how much money does angry birds make

Published byEvgeny Obedkov

Angry Birds 2 remains the highest-grossing game in Rovio’s portfolio. It recently achieved a new high by surpassing $500 million in lifetime earnings.

  • According to AppMagic (first spotted by Mobilegamer. biz), Angry Birds has made $500. 8 million from in-app purchases since its July 2015 launch.
  • The US accounts for 66.3 percent of the game’s lifetime revenue, with Germany coming in second with 6%, the UK with 5%, Canada with 3%, and South Korea with 2%.

Angry Birds 2 worldwide lifetime revenue (via AppMagic)

  • Angry Birds 2 also generated 360. 5 million downloads. The US is also the number one market with 67. 8 million installs (19%). %20It is followed by 12% for India, 8% for Brazil, and around 2%6% for both China and Russia.
  • The App Store accounts for 556 percent of the game’s lifetime revenue when it comes to platform shares. In terms of downloads, %20Google%20Play%20is%20the%20leader%20with%2063%%20of%20all%20installs.

The Rovio Story

Although Rovio appeared to be successful right away, it wasn’t The Finnish game developer Rovio was a tiny business that was in danger of going bankrupt in 2009. It had let go of the majority of its employees, leaving just twelve. Students who thought it would be fun to start their own studio after winning a video game making competition founded the company in 2003. They had found they could create some really cool games, but getting them distributed was difficult. Before Angry Birds, they had created 51 games, but the business plan was rapidly becoming unworkable.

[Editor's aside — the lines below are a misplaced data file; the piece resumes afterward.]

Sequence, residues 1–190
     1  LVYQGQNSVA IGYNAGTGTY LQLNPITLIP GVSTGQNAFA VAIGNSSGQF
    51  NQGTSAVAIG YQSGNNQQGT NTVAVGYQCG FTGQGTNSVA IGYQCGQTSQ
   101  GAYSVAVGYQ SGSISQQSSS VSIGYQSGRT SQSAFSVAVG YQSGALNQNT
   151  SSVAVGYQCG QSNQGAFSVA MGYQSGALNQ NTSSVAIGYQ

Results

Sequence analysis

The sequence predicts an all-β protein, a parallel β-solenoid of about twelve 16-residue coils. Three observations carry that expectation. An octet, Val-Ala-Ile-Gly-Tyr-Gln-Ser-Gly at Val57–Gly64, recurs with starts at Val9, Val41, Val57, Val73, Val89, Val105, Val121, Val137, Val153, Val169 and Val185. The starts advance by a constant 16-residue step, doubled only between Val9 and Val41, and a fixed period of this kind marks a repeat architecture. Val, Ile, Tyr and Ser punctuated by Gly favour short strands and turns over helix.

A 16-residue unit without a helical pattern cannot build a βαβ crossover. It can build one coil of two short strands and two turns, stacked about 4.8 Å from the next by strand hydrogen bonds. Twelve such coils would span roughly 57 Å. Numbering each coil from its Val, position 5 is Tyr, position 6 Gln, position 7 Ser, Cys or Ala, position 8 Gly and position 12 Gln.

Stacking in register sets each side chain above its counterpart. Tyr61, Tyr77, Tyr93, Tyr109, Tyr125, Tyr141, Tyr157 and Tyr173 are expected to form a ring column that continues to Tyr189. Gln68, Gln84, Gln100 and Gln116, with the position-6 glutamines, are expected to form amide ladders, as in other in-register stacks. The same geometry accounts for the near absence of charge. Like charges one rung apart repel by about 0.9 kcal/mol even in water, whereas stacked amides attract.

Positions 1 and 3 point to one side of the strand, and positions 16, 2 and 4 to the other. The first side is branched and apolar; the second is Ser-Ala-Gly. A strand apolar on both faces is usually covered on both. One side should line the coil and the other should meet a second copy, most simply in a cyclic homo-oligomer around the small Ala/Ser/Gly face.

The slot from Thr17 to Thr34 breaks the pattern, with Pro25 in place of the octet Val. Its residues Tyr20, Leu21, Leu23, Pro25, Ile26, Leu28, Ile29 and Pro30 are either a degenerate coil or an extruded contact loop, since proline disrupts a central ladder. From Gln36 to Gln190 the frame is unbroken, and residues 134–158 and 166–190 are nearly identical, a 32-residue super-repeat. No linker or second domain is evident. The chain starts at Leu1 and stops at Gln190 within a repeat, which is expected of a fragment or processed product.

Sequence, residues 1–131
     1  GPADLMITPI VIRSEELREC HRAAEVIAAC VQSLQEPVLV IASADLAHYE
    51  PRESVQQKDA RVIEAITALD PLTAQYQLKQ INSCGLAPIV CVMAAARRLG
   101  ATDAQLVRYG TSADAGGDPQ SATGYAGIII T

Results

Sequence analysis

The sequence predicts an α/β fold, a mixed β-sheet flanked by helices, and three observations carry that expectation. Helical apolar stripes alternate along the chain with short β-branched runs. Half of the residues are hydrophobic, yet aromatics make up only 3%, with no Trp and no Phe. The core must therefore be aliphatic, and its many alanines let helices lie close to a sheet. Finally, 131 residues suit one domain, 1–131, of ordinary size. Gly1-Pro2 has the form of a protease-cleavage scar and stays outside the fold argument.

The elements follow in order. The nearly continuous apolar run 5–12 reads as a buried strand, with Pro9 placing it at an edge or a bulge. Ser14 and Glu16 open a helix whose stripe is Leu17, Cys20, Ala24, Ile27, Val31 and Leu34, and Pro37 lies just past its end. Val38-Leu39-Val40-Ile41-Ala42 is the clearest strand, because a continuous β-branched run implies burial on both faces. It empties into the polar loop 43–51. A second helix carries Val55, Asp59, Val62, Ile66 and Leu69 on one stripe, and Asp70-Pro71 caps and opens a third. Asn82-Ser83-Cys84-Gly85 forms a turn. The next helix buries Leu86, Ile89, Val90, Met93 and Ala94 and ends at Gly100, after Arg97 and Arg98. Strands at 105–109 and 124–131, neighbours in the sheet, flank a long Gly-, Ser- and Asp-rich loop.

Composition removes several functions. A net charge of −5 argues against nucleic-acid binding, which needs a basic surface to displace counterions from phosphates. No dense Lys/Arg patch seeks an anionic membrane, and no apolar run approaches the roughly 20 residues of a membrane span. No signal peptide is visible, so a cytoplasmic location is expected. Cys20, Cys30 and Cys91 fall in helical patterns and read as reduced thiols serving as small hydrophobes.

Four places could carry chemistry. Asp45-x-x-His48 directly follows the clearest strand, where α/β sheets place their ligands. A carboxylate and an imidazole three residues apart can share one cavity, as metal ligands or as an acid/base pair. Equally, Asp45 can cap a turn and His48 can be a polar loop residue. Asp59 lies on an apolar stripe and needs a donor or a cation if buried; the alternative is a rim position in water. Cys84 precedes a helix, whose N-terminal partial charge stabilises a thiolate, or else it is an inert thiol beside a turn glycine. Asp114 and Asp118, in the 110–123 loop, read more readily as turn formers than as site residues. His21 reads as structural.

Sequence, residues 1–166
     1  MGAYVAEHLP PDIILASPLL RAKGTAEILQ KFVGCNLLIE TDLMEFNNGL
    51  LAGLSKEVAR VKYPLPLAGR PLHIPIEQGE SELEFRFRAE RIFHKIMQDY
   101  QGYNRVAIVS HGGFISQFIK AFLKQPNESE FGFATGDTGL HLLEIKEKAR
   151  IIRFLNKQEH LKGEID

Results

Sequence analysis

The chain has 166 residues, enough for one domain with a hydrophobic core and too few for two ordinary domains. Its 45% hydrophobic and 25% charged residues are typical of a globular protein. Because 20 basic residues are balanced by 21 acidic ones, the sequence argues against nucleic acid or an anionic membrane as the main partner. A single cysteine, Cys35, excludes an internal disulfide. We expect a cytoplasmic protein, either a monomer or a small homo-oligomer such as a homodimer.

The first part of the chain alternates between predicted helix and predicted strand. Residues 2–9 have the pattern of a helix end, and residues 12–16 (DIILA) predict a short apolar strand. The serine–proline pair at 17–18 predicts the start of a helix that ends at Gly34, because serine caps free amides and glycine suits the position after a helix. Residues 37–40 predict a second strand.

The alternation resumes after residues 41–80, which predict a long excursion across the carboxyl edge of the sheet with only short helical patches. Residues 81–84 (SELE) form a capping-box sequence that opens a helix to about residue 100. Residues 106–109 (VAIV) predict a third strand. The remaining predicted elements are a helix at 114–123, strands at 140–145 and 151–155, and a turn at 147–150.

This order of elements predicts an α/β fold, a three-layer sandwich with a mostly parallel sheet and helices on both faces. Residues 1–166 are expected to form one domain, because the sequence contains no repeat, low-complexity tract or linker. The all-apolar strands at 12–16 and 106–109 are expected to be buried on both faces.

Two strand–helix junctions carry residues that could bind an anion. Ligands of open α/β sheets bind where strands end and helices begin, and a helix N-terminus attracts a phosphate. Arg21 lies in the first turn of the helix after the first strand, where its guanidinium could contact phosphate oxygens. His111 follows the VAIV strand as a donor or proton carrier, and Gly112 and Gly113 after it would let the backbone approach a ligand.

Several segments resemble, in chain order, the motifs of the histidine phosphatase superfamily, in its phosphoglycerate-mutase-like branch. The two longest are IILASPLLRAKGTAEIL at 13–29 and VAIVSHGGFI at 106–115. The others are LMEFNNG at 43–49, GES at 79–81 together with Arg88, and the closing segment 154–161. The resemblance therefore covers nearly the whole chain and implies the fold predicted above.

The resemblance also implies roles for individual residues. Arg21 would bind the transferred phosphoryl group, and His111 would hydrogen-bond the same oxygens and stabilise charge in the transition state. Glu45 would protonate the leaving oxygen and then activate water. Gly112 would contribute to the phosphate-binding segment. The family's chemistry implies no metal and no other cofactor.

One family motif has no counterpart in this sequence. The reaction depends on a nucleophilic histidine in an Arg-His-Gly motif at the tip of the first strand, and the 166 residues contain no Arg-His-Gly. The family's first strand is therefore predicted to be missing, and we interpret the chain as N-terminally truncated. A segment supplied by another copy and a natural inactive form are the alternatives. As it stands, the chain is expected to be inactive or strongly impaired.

When the iPhone released in 2007, and Rovio thought this was their big chance. “We tried to profile the iPhone user and it turned out that it was everybody,” said Mikael Hed, the CEO of Rovio. Rovio’s previous games had catered to niche audiences, with some sci-fi and horror titles, but this time they wanted to make a game that would appeal to iPhone’s massive customer base. The team carefully considered the iPhone landscape, and thought that there were some conditions for a game to succeed: it should have no tutorial; its loading times should be minimal, and it could be happily played for just one minute, useful for the short attention spans of millennial iPhone users. It would also help to have an icon which would stand out in the App store.

The artists on the team would frequently produce ideas and sketches, but one in particular stood out. It featured several round cartoon birds that appeared unhappy for no apparent reason. “There was something about those characters,” says Mikael. “These birds have no feet and can’t fly. And they’re really angry. We all started thinking about why they are so angry. For such simple characters, they made us think so much. There was some magic to it. ”.